First passed in 2006 by then governor, Arnold Schwarzenegger, AB-32, or the Global Warming Solutions Act, set out to decrease fossil fuel emissions to 1990 levels by 2020. The bill helped launch California’s cap and trade program, mandated energy efficiency standards, and required utilities to begin transitioning to renewables. And all of this was accomplished with a thriving economy.

A newer version of the bill, SB-32, will require the state to decrease emissions even further, 40% by 2030. While the first round of SB-32 has proven to exceed expectations, the latest incarnation and standards will prove more challenging. Lawmakers will have to redouble efforts at transforming power generation to renewables, investing in mass transit, exploring carbon capture technologies, and more.


“I don’t consider myself a climate change activist… I consider myself an advocate for my community.” Assemblyman Eduardo Garcia


However difficult, California has proven that ambitious state climate goals can be met when leaders commit to climate solutions. But statewide solutions are not enough, and climate challenges don’t recognize borders. This is why many climate leaders are beginning to explore ways to get their neighbors in on the action.

Nudging Neighbors

Transforming state policy is certainly the first step towards meaningful action. However, many states throughout the country are extending the reach of their climate goals by partnering with others in order to affect regional change.

One of the models for this type of collaborative climate action is currently underway in New England. Already under the umbrella of the Regional Greenhouse Gas Initiative, Governor Charles Baker of Massachusetts is hoping to accelerate climate progress in the Northeast. To this end, the Baker administration has proposed a 5% decrease in greenhouse gas emissions each year between 2020 and 2031. While not every state within the existing regional agreement has made the pledge, the pressure and ambition of state leaders to act marks a bold commitment to climate action.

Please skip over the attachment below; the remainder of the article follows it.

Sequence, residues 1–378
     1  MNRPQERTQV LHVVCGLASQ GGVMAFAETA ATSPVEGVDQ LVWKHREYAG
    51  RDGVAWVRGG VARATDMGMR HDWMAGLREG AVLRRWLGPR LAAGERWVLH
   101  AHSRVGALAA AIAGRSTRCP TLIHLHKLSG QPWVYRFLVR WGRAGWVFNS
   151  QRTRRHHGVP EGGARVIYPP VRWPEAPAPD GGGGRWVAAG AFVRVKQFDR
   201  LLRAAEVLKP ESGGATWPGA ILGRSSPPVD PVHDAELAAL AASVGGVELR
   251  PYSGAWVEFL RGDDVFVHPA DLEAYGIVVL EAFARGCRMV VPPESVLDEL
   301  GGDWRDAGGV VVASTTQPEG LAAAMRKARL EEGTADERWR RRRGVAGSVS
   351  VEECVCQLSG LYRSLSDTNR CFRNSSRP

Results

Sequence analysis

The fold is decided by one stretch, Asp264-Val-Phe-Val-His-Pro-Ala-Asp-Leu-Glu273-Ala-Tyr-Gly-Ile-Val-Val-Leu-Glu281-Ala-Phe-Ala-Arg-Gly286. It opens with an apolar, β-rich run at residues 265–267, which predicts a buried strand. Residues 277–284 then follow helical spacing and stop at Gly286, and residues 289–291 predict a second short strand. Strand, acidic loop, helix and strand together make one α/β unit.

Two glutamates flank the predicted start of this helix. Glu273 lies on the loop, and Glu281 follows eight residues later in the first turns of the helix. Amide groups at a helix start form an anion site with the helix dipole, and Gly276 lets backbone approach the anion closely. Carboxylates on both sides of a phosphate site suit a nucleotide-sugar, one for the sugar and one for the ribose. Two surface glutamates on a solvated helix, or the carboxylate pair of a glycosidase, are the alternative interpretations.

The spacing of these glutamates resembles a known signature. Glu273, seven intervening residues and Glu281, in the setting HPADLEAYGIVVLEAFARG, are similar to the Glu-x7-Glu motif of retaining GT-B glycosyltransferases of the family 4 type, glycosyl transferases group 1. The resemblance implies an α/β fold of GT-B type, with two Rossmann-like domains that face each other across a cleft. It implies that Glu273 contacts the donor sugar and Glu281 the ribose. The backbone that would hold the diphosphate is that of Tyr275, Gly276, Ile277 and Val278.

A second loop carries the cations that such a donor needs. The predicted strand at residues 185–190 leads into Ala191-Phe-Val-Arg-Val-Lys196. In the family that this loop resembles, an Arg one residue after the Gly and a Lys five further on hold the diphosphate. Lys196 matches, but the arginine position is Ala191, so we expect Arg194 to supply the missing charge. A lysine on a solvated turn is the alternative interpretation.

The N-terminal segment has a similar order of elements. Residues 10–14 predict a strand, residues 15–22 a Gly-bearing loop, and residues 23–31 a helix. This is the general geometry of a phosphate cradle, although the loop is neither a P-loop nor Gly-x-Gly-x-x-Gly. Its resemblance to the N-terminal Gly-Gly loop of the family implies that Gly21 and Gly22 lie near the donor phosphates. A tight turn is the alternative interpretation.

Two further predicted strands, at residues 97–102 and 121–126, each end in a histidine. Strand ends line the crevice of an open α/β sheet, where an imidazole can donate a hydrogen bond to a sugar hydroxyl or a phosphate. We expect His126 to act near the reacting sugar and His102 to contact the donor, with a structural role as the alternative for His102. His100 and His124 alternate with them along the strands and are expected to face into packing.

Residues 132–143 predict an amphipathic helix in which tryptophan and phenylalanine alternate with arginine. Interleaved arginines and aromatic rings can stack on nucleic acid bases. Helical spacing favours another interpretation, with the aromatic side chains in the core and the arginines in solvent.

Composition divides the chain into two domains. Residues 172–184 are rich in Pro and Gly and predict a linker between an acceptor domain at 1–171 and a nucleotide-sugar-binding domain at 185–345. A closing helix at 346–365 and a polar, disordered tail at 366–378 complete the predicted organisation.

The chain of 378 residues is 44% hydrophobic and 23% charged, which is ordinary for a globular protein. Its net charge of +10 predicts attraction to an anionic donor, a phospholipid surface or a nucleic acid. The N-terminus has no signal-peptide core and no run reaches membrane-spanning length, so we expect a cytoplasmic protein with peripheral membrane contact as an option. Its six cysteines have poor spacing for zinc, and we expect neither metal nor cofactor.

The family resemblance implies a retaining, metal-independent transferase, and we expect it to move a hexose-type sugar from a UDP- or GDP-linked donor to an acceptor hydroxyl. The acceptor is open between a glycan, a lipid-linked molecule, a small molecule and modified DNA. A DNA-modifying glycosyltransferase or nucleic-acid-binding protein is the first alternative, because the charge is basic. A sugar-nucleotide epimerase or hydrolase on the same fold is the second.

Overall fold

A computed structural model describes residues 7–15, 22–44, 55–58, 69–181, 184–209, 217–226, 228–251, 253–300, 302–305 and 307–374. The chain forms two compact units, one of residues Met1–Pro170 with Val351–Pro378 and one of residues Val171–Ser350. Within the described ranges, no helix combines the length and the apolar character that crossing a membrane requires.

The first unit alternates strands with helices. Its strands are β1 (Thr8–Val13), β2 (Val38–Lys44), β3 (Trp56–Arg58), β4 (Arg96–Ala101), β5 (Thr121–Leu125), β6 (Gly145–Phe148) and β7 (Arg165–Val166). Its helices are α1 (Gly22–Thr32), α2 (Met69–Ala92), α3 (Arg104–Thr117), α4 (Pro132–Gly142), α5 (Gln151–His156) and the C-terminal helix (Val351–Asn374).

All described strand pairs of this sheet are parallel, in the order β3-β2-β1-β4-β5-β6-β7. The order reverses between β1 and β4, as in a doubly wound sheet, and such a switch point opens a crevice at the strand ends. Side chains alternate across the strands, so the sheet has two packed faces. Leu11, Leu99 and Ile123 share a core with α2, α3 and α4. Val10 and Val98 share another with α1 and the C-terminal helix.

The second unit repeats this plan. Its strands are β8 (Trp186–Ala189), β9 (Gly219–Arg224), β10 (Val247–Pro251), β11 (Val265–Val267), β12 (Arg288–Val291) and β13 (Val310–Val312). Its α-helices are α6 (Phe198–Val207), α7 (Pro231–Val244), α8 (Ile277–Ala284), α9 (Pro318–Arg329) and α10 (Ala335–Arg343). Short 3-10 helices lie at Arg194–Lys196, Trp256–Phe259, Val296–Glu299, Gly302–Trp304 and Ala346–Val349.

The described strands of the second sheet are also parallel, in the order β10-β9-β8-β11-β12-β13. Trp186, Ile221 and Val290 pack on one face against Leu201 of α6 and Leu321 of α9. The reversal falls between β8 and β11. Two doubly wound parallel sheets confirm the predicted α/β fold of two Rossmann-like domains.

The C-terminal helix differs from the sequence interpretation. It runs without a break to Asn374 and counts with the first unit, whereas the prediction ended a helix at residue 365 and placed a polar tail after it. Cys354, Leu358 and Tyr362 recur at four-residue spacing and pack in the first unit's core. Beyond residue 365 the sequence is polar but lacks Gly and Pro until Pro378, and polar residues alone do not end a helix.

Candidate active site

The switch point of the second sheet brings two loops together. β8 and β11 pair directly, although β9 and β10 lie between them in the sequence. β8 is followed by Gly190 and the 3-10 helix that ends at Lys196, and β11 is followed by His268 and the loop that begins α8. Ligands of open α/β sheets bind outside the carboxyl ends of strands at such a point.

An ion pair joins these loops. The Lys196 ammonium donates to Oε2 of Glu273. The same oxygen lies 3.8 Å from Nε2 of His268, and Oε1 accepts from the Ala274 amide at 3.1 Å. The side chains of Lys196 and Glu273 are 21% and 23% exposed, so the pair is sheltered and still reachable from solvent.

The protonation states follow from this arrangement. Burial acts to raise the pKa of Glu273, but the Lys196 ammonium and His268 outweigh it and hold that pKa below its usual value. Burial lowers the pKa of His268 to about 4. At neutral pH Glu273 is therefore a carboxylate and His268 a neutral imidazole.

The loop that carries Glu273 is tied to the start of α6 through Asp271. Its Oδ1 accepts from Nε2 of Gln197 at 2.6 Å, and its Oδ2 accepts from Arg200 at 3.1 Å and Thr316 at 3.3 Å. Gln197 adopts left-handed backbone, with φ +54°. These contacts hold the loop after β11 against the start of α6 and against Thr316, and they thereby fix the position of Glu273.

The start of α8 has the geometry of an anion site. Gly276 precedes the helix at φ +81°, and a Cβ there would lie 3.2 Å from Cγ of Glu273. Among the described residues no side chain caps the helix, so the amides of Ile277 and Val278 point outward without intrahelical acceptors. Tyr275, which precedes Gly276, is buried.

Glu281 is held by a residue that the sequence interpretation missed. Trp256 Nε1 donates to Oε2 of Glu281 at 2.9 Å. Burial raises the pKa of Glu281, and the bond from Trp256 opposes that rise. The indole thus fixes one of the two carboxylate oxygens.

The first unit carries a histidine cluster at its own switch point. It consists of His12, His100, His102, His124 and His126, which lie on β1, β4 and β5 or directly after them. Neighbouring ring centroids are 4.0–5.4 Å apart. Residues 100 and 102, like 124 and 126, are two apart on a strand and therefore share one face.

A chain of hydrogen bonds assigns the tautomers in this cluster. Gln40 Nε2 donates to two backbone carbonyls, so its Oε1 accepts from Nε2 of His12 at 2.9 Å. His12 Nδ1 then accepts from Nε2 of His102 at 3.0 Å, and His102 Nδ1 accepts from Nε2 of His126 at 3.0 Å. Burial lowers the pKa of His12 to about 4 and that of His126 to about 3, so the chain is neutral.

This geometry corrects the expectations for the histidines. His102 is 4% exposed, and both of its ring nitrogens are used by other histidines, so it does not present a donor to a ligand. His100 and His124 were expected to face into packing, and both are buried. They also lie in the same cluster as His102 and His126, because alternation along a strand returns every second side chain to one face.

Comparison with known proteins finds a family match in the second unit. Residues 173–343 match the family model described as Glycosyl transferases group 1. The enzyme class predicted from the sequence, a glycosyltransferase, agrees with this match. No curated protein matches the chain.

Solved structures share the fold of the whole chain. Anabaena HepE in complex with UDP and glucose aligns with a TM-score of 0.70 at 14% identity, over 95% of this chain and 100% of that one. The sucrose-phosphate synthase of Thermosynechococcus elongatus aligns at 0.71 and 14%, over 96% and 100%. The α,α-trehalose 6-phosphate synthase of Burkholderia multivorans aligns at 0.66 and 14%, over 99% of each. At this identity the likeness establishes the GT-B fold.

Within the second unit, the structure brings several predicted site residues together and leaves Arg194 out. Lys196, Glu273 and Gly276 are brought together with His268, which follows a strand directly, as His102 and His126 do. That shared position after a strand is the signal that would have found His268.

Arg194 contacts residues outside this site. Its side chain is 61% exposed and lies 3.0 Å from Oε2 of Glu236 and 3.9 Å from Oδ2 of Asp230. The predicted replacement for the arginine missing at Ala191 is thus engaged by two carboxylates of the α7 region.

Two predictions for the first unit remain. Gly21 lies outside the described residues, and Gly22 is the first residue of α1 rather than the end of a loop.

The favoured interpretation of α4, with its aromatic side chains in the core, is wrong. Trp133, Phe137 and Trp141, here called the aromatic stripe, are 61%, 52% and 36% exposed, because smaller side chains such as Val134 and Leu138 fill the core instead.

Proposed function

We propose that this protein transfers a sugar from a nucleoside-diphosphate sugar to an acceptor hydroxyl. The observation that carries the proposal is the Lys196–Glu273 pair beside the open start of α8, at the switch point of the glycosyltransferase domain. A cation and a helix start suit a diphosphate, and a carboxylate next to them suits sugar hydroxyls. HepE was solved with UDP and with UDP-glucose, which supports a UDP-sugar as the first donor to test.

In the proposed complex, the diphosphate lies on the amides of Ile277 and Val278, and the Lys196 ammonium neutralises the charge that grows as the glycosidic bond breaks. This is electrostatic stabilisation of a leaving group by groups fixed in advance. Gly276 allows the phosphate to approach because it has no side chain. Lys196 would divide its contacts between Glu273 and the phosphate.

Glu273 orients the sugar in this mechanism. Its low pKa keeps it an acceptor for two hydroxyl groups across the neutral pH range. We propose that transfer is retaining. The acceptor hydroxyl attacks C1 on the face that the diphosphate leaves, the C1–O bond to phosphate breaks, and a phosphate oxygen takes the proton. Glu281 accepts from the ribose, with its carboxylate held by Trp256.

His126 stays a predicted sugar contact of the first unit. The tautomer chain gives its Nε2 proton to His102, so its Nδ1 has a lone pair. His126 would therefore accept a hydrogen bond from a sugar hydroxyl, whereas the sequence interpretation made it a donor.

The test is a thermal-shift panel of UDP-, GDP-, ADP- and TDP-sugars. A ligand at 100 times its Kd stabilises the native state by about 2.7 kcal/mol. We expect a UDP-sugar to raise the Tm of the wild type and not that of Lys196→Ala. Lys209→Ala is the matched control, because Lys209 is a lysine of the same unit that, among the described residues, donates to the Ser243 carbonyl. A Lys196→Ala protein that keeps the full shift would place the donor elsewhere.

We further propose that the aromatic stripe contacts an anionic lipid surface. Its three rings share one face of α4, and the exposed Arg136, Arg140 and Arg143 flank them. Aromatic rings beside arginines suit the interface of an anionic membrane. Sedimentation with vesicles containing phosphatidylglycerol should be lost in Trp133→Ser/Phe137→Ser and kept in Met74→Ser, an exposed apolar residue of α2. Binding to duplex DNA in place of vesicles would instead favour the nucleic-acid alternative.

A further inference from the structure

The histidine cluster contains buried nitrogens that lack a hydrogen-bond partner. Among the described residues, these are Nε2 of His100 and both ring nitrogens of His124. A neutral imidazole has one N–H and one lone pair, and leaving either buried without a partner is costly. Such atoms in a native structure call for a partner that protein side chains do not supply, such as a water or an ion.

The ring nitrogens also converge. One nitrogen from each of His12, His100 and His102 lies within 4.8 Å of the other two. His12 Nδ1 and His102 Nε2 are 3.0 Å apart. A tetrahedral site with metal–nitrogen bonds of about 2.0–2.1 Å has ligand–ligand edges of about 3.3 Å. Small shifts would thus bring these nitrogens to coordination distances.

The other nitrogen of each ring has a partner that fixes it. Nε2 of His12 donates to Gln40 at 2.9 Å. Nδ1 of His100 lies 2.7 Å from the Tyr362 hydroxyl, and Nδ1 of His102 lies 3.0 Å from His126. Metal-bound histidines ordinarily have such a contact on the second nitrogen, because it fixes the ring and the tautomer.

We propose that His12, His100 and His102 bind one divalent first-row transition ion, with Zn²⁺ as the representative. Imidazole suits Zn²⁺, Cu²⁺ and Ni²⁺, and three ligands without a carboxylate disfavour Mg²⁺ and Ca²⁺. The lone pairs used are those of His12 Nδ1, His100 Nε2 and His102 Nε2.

The Bigger Picture

What shouldn’t be lost in this discussion is that leaders at the local, state and regional level are acting not primarily for the benefit of environmental stewardship, but in the best interests of their constituents. Climate action makes cities healthier places for residents to live and raise families. Cleaner air and less pollution is associated with a decreased incidence of asthma and other respiratory diseases. Transitioning to clean energy creates stable, well paying jobs for Americans. Already, renewable energy employs three Americans for every one job in coal. This is a sector of the economy that cannot be outsourced, and one that is projected to see increased growth over the coming decades.

The efforts by climate leaders at the local and state level have become an increasingly important aspect of the climate solution picture. The work by these state and regional leaders are becoming the envy of the world, and states are even finding themselves in the unique position of pressuring federal officials to ramp up national climate solutions. In order to implement effective climate action plans, leaders must equip themselves with the necessary materials and information. The most important element of such a toolkit is the knowhow and most up-to-date research on communicating with ones’ constituents. To this end, ecoAmerica has released 15 effective steps for effective climate communication that can immediately enrich or enhance your dialogue with residents about the benefits of climate action in your city.


This story was originally posted on the Path to Positive blog by Stuart Wood on September 9, 2016

Posted on Monday, September 19th, 2016
Path To Positive Los Angeles